Hand Plane Cabinet

Comments (0)

This article is from Issue 62 of Woodcraft Magazine.

A fitting home for fine tools

Designed By Craig Bentzley

There’s a long-standing tradition of cabinetmakers displaying their woodworking skills in the form of finely crafted tool cabinets and chests. Very often, the contents include a number of hand planes, which can accumulate surprisingly quickly. It’s not unusual for a serious woodworker to have a dozen or more of these tools, all of which deserve care and protection.

To that end, this dedicated hand plane cabinet was designed for beauty, utility, and accessibility. The cabinet is deep enough to compactly accommodate block and smoothing planes on the gallery shelf. This shelf is raised to the level of the top edge of the lower door rail for clear visibility and quick inventory when you’re looking for a particular plane for a job at hand. The cutaway in the shelf above the gallery also aids visibility.

The upper ramps provide a good solution for storing long-bodied planes in a shallow cabinet, while perfectly presenting the totes for easy grasping. As an added benefit, the hinged ramps can be lifted upward to allow access to the interior space for storage of infrequently used items. Finally, two drawers offer compartments for plane-tuning tools, paraffin, and other related supplies and accessories.

For efficiency and joint accuracy, saw the dadoes in a “double-wide” panel before ripping it into two to create the case sides.
Glue a wide piece of solid wood between the plane gallery shelf and cutaway shelf. Afterward, rip through it to create two edged shelves.

Make the plywood case

1 Cut a single 261⁄4 × 47" hardwood plywood panel from which you’ll ultimately make both case sides (A), as shown in Figure 2. Make sure the panel is square, and that you’ve removed any factory edges.

2 Referring to the Cut List, saw three of the five horizontal panels (B) and the drawer divider (C) to final size. For the remaining two horizontal panels, cut a single 24"-wide × 25"-long panel for now. You’ll rip this “double-wide” panel into the two finished panels after cutting the dadoes for the drawer divider.

3 Referring to the spacing shown in Figure 2, use a dado head to saw the 3⁄4 × 1⁄4"-deep dadoes in the sides (A) panel (Photo A).

4 Saw the 3⁄4 × 1⁄4"-deep dadoes for the drawer divider (C) midway across the 25" length of the double-wide horizontal panel you cut in Step 2.

5 Saw the 11⁄8 × 1⁄4"-deep rabbets in the outermost edges of the double-wide sides (A) panel, where shown in Figure 2.

Clamp or tape a wooden sacrificial facing to your rip fence to prevent scarring it.

6 Rip each side (A) to its final 127⁄8" width. Also rip the double-wide horizontal panel into two 113⁄4"-wide pieces.

7 To efficiently make the edging (D) for the horizontal panels (B) that will become the plane gallery shelf and cutaway shelf, first dress a piece of solid oak to 13⁄16 × 37⁄8 × 25". Then edge-glue it between two of the slightly oversized horizontal panels (B), as shown in Photo B. After the glue cures, hand-plane and/or sand the faces of the edging flush to the faces of the panel. Then rip through the solid wood section to create one panel with 31⁄2"-wide edging (for the upper cutaway shelf) and the other with 1⁄4"-wide edging (for the lower gallery shelf). Clean up any saw marks, and then rip each panel to its final 113⁄4" width.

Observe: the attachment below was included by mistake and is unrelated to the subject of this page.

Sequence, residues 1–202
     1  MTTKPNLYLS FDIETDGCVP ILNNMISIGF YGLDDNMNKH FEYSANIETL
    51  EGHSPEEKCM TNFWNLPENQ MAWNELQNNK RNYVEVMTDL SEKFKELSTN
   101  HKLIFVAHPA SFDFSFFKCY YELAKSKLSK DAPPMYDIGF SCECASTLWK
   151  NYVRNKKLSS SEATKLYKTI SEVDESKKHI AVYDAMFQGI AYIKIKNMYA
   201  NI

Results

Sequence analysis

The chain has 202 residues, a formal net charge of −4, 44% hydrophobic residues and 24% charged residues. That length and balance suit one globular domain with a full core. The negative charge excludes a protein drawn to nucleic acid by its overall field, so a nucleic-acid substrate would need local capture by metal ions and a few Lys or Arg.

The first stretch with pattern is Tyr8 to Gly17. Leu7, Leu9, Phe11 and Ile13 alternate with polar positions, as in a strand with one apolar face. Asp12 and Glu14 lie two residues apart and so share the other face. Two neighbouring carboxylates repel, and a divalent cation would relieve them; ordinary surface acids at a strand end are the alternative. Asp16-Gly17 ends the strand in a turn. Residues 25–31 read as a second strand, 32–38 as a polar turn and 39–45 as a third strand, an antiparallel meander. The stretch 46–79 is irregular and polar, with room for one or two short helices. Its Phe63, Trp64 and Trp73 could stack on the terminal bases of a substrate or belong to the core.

8 Referring to Figure 1, lay out the cutaway on the 31⁄2"-wide edging. Use a jigsaw or bandsaw to cut the shape, and then smooth the edge.

Use a scrap panel to square the horizontal panels to the drawer divider during glue-up, and use a carefully squared spacer panel to accurately locate the drawer guides.
Rehearse the rest of the case glue-up by first clamping across the face, with the case resting on cauls overhanging the edge of the bench.

Next, lay the case on its front, insert the back panel, and check to make sure that all the joints mate tightly.

Glue up the case

1 In preparation for assembling the case, make eight thick, straight cauls, squarely crosscutting their ends.

2 Glue the drawer divider (C) into its dadoes (Photo C). Also, make the drawer guides (F), and glue them in place to the case bottom (B) at the same time, using 101⁄4"-long spacer panels to aid location.

3 Dry-clamp the case together to check the fit of the joints and to rehearse your clamping procedures (Photos D and E).

With the unit clamped up, measure for a perfect fit of the back (E), and then cut it to size. Make sure it’s dead square, as it will serve to square up the case during assembly.

4 After the divider (C) joints have cured, glue up the case.

With the ramps centered in the case and held back 1⁄2" from the front edge of the cutaway shelf, mark along the hinges’ barrels and ends to establish the hinge locations.